The Associate Dilemma, Part I

Not every practice can support an associate. Can yours?

Dentists who are contemplating hiring an associate must answer these questions:

Do you have a one-man dental practice?
Many host doctors have grown their practice to slightly more than a one-person practice but not to a two-doctor office. A one-doctor practice needs to have 4 full doctor days and 4 to 5 full hygiene days scheduled each week.

If you do, how much more than a 4-day workweek does your practice need to be open?
We consider an office to be a practice and a half if it has scheduled 5 full doctor days and 6 or 7 full hygiene days each week. It’s often best for the host doctor to build his practice up to at least a one doctor dental practice with a business plan to increase gross collections by a minimum of 10% the year prior to bringing in an associate.

The main reasons a dentist should consider hiring an associate include:

The practice is too large for one doctor, resulting in patient loss due to scheduling difficulties,

If he/she is retiring within the next 5 years, or

Health issues are forcing the host dentist to sell.

Most of the other reasons used by general practicing dentist to bring on an associate should not even be considered. For instance, the one we hear most often………I am burned out and want to work less so why not hire an associate to see my patients on the days I am not in the office? This is simply poor business planning from the start. Most dentists work 3–3.5 days just to pay overhead; so if you are hiring an associate to work the other 2 days of the week, you will pay the associate out of the only profit the practice generates. After working with numerous dentists over the past 16 years, we have discovered that dentists who only work 3.5 days or less a week need not consider hiring an associate.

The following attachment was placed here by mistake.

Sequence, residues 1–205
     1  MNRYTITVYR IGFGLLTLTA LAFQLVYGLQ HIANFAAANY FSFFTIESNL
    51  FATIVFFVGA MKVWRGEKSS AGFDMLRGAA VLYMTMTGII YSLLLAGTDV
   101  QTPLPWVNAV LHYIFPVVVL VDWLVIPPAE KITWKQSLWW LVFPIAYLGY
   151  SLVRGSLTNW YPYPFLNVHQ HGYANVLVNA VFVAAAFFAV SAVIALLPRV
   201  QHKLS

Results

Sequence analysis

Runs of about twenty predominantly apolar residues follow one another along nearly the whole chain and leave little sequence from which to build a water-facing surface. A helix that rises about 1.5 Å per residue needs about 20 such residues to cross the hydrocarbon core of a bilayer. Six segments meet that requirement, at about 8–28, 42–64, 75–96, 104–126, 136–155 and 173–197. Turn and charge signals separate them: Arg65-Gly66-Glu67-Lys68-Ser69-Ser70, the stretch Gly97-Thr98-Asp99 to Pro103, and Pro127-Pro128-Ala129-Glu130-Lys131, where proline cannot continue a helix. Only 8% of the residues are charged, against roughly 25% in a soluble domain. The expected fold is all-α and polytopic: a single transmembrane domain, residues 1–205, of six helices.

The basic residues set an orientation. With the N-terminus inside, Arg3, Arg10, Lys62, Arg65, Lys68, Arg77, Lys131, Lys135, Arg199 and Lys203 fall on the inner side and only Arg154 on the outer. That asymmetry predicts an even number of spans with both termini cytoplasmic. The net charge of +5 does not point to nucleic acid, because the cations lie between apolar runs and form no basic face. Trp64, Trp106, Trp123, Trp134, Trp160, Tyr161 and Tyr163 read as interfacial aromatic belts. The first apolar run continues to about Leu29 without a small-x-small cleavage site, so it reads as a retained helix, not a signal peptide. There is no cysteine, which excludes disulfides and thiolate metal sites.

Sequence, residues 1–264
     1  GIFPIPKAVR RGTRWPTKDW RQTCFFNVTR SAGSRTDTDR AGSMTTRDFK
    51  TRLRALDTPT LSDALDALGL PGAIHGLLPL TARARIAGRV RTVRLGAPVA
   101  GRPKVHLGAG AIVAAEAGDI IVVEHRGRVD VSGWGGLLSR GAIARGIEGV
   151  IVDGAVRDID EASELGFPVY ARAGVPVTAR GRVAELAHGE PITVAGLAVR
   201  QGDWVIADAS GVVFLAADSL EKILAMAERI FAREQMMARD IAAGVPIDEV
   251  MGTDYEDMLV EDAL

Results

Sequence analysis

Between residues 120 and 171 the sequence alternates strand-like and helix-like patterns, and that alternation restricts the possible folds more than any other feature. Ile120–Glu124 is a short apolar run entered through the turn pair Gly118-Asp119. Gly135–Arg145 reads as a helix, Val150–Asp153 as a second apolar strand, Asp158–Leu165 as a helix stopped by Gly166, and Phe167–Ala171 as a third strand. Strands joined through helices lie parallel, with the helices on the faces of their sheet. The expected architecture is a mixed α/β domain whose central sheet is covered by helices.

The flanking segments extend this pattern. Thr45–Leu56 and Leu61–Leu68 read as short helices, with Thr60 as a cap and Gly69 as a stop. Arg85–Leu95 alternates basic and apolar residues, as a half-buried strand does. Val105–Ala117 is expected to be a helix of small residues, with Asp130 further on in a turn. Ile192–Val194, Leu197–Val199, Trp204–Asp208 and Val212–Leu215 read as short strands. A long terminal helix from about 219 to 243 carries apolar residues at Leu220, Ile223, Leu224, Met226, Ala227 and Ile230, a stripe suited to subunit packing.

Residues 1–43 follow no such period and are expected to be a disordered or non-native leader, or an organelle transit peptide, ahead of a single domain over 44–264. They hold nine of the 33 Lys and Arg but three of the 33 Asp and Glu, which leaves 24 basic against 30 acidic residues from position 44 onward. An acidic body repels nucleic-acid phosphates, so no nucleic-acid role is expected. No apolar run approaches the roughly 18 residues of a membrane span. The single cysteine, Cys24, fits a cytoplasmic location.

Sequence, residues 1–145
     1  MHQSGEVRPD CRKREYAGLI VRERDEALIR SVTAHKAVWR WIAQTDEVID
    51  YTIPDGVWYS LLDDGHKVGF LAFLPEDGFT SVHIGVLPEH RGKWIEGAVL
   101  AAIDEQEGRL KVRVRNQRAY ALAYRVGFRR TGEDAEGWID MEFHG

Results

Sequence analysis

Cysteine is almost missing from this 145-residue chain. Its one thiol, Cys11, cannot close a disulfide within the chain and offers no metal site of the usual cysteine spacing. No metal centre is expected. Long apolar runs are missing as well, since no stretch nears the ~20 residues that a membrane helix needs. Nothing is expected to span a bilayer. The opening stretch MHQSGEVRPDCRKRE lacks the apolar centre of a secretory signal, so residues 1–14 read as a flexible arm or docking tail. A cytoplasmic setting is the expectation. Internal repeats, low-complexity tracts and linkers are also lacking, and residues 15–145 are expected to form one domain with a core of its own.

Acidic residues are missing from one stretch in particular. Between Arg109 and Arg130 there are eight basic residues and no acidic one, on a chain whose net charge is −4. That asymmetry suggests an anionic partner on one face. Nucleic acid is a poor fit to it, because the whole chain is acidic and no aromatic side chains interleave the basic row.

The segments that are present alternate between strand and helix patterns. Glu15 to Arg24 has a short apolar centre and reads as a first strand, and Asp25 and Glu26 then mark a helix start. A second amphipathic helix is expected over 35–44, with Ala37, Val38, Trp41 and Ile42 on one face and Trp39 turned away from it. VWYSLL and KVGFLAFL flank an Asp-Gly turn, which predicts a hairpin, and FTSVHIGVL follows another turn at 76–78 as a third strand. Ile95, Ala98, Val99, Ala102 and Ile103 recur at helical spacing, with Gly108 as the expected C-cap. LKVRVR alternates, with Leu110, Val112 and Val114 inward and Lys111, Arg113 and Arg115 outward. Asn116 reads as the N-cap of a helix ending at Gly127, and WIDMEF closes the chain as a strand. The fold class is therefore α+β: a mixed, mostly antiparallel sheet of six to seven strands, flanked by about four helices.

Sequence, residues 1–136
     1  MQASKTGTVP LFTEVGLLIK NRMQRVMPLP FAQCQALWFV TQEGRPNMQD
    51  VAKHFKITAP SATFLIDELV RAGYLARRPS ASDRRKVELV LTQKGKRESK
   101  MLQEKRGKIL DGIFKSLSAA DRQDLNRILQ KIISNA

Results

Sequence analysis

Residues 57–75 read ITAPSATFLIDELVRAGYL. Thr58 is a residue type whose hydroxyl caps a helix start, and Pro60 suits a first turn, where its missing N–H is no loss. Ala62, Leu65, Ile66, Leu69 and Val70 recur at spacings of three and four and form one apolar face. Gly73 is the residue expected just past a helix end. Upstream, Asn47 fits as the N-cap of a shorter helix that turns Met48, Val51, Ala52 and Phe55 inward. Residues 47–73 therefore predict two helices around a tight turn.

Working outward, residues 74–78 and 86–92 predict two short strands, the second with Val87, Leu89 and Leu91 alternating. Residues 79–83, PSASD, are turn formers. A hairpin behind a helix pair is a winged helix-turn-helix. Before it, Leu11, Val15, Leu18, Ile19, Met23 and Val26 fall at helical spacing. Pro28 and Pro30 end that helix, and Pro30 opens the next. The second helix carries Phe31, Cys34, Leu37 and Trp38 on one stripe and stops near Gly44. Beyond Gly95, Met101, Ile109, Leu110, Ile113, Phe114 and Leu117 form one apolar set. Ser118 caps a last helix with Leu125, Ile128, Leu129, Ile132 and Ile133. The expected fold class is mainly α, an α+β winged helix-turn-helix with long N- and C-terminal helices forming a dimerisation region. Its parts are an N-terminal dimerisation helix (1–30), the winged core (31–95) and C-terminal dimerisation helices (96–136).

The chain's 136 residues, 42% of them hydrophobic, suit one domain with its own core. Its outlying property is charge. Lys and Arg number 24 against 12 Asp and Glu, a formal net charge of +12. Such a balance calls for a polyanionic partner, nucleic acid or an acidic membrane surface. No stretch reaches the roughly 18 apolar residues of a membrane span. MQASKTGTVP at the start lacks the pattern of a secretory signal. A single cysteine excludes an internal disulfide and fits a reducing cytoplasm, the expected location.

The exception to this is when the associate is performing procedures that the host doctor does not perform.  When the senior doctor HAS A BUSINESS PLAN that encompasses increasing the gross collections by at least 25% then it may be profitable to hire an associate.

If the host doctor and associate know and understand the answers to the above questions, then the associateship stands a chance for success.

Did you like this article? Check out our other dental industry blog posts such as the dental associate dilemma part 2 and excellent dentist, poor business man.

If you have any questions or would like additional information, please call us at 678-482-7305 or email at

About the Author

  • Founder

    Dr. Bill Adams is the Founder of US Dental Transitions (formerly Southeast Transitions). He practiced general dentistry for 25 years after graduating from Emory in 1969. He founded our company in 1998 to help fellow dentists transition their practices to other dentists who share similar values and philosophies. Over the last 23 years, Dr. Adams has consulted with over 6,000 dentists and transitioned over 600 practices. He is Pankey/Dawson trained, a Fellow in the Academy of General Dentistry (FAGD), and a lifetime member in the Hinman Dental Society.

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